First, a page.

not petition initiative signatures collected outside of a 180-day
window are valid. And it doesn't look good. The most immediate answer
to that question will be rendered by Gov. Rick Snyder when he decides
to sign, or not sign, S.B. 776, the recent legislation that sets a
hard 180-day window for collecting signatures on a petition initiative.
[continues 1181 words]
Lansing - An increasingly long-shot effort to put a marijuana
legalization measure on Michigan's 2016 ballot suffered another
setback Thursday, when the Board of State Canvassers deadlocked on a
policy revision for proving the validity of old signatures.
The two Republicans and two Democrats on the board were at odds over
state Bureau of Elections recommendations that would have updated and
eased the state policy for "rebutting" and rehabilitating signatures
collected outside a traditional 180-day collection window. The
proposed updates stalled in a series of 2-2 votes.
[continues 633 words]
One of the burning questions about cannabis use is: How high is too
high when operating a motor vehicle? It's befuddling to the legal
system, as driving law is not moving as quickly as marijuana law.
Many want to establish a "per se" level of THC in someone's blood
that indicates being under the influence. That comes from loosely
equating alcohol and marijuana intoxication. In Michigan, the per se
blood alcohol content for driving under the influence is .08.
Regardless of a person's behavior, if his or her blood alcohol level
is .08 or above, they are legally under the influence. With
marijuana, it's not clear what that level is.
[continues 1220 words]
With the legalization of marijuana possibly being added to the state's
November election ballot, police are speaking out about the dangers of
Flat Rock Police Chief John Leacher has been meeting with Downriver
groups to ensure there is an "educated election this coming fall."
"The definition of insanity is doing the same thing over and over and
expecting a different result," Leacher said, commenting on the
legalization of marijuana in Colorado in 2012.
Colorado Amendment 64, which amended the state's constitution,
outlined a drug policy for marijuana that passed with 55 percent of
[continues 580 words]
We're in the midst of the cannabis holiday season. The Ann Arbor Hash
Bash and Monroe Street Fair were a few weeks ago, and the Global
Marijuana March is May 7 (Grand Circus Park in Detroit). Smack dab in
the middle was 4/20.
The first place I hit was the B.D.T. Smoke Shops in Hazel Park, which
proudly notes that it has been there since 1973. The folks there held
a pig roast in the parking lot, and visitors played on fowling lanes
from the Fowling Warehouse - throwing a football at bowling pins -
and were medicating with cannabis as they munched their pork
sandwiches. 89X FM had a booth, and retired Red Wing Darren McCarty
was there hanging out and signing autographs.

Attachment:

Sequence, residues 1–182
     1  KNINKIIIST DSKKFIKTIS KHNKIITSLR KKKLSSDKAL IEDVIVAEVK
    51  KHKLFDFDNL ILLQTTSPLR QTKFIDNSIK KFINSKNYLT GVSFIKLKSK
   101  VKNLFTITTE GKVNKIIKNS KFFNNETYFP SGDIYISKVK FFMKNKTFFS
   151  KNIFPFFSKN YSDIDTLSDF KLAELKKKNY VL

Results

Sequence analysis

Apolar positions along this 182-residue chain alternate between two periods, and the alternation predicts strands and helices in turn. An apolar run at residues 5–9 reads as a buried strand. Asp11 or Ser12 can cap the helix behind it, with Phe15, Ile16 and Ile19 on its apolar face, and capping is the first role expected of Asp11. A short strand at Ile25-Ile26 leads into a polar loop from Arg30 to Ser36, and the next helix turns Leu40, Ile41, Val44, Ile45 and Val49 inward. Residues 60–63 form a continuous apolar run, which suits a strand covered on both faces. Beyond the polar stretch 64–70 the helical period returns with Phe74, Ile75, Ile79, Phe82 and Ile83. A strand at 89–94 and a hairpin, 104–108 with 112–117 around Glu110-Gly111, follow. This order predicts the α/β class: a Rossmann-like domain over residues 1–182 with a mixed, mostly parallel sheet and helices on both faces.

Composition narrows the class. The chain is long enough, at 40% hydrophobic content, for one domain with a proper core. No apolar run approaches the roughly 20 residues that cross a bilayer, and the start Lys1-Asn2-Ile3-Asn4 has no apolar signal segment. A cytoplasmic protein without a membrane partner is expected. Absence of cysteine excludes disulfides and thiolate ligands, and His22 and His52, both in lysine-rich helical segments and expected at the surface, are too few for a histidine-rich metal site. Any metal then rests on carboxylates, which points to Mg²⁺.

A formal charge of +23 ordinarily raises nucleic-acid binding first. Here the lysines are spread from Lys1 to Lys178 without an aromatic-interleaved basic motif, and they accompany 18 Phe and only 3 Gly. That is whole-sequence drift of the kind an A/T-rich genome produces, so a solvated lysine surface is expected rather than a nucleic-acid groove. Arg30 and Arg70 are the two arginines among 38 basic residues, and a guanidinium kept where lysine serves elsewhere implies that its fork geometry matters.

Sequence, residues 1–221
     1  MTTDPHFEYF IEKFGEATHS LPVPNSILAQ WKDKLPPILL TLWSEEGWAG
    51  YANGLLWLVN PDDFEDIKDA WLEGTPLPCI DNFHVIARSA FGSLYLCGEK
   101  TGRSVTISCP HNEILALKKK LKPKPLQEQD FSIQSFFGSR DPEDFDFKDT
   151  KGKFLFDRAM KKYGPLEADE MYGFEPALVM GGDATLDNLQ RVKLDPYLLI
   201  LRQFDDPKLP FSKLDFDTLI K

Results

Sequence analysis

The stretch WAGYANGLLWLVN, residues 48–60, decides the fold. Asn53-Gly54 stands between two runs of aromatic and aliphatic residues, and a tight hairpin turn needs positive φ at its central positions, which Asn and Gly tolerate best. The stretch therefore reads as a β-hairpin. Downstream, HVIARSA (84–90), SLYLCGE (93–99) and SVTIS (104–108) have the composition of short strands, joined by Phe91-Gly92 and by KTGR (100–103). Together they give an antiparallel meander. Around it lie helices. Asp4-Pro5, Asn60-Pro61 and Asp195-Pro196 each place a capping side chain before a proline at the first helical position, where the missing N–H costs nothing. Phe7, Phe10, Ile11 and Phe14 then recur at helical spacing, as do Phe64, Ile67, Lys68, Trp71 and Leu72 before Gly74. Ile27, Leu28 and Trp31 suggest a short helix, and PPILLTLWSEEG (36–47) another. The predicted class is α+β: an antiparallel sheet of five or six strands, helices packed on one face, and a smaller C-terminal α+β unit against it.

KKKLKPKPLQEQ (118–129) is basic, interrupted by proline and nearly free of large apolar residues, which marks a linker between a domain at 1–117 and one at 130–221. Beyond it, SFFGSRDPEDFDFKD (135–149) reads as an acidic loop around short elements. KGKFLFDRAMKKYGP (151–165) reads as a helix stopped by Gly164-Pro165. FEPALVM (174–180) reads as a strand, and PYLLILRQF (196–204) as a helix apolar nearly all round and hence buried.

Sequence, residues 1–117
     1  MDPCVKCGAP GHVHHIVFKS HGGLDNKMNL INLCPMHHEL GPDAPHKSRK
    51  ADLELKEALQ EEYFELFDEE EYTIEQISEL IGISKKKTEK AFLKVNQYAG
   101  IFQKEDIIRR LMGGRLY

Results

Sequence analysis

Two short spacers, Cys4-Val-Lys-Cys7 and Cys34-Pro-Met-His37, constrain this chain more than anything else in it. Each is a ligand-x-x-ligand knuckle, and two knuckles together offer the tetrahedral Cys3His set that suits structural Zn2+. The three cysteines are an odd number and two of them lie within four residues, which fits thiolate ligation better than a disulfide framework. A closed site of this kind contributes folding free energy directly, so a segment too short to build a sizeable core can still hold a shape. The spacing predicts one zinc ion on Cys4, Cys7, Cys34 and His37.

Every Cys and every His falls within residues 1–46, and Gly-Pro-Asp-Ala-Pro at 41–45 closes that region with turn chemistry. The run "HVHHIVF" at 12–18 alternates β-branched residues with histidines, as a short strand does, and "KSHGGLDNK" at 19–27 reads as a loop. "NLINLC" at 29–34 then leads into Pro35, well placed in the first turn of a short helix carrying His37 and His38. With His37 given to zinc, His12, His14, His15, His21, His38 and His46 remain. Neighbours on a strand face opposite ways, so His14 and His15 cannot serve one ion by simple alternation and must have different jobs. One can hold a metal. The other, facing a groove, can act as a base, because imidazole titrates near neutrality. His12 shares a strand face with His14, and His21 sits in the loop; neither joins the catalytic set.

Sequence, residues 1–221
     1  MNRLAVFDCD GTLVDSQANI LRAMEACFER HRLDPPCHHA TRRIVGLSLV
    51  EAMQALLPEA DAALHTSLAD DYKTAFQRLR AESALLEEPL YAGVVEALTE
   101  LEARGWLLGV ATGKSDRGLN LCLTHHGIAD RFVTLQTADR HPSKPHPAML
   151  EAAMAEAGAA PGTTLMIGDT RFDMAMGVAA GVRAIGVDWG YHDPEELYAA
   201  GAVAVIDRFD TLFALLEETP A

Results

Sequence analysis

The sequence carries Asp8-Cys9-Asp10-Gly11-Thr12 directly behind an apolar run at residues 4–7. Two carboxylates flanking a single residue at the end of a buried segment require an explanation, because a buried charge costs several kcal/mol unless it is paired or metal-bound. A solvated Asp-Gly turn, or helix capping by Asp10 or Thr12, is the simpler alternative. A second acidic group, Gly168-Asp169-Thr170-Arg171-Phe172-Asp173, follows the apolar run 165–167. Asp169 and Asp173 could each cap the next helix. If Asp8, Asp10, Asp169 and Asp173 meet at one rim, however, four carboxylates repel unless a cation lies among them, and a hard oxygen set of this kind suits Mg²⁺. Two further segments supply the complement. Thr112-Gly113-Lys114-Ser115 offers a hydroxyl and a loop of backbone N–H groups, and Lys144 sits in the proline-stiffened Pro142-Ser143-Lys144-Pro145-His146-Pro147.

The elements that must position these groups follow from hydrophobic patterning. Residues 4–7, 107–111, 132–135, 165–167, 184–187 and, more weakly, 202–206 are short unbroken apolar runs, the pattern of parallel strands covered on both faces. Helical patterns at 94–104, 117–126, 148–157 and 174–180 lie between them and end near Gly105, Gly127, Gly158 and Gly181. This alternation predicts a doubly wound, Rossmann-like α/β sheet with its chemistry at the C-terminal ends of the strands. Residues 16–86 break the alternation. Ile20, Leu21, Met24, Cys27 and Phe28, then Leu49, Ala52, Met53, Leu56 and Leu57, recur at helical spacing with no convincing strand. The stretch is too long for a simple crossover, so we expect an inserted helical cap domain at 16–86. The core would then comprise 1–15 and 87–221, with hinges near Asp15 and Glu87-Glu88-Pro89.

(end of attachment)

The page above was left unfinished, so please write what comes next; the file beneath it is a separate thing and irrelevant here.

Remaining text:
[continues 1080 words]
GAYLORD - Two more suspects were arrested Friday follow the March 10
Otsego County medical marijuana dispensary raids, bringing the total
arrest number to four.
According to Detective Lt. Ken Mills, unit commander for the Straits
Area Narcotics Enforcement (SANE) team, a 21-year-old male and a
56-year-old male, both owners of Gaylord medical marijuana
dispensaries, were arrested Friday.
The names of both men are being held pending their arraignment. Mills
said the 21-year-old was arrested and lodged at the Otsego County Jail
and was released after posting bond. The 56-year-old man turned
himself in at the Michigan State Police Gaylord post, posted bond and
was released without being lodged.
[continues 316 words]
GAYLORD - It's been nearly six weeks since all of the medical
marijuana dispensaries in Otsego County were raided by law
enforcement officials, resulting in two arrests and an ongoing investigation.
As of Friday afternoon, the execution of search warrants at nine
dispensaries in Gaylord and one in Vanderbilt March 10 have been
proceeded with the arrest of two men, including [name1 redacted], 45,
of Gaylord, and [name2 redacted], 36, of Gaylord, though more are
expected to be made, possibly by the end of the month.
[continues 706 words]
Will the marijuana game change this year?
There has been a good bit of speculation that President Obama will
reschedule marijuana before he leaves office. I first heard that
concept a couple of years ago from somebody at one of the national
marijuana policy organizations. I took it for wishful thinking. We
can wish Obama reschedules marijuana, but that doesn't make it true.
But maybe we can stop holding our breath about that. Last week the
Washington Post reported that the Drug Enforcement Agency (DEA) sent
out a memo to lawmakers that it plans to decide in the first half of
2016 if it will reschedule marijuana. I'm assuming that the "first
half of 2016" means by the end of June.
[continues 1267 words]
The Iconic Stoner Chats With Us About Detroit, Cancer, and Donald Trump
It's a Friday morning, and Tommy Chong is about to ride up John R in
a replica of The Love Machine, the 1964 Chevy Impala from Up in
Smoke. He has one hand on the chain link steering wheel and what
Cheech Marin might call a Led Zeppelin-sized joint in the other.
When asked if he wants to blaze, though, the most iconic of stoners
declines. "It's still Michigan," he says.